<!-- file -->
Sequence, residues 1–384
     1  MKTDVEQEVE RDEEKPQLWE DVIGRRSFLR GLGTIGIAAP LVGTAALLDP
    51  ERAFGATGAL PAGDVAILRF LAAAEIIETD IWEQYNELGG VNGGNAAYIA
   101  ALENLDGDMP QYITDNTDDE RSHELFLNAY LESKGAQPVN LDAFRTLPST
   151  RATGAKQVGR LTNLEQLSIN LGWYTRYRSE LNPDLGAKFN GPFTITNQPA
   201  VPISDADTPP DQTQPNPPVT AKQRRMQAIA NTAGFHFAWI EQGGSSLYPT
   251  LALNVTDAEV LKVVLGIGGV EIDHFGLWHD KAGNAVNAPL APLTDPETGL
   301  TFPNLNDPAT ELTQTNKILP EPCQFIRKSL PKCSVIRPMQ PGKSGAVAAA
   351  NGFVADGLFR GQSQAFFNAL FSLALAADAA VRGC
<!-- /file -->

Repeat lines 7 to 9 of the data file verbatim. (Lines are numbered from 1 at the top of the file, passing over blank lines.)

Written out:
   251  LALNVTDAEV LKVVLGIGGV EIDHFGLWHD KAGNAVNAPL APLTDPETGL
   301  TFPNLNDPAT ELTQTNKILP EPCQFIRKSL PKCSVIRPMQ PGKSGAVAAA
   351  NGFVADGLFR GQSQAFFNAL FSLALAADAA VRGC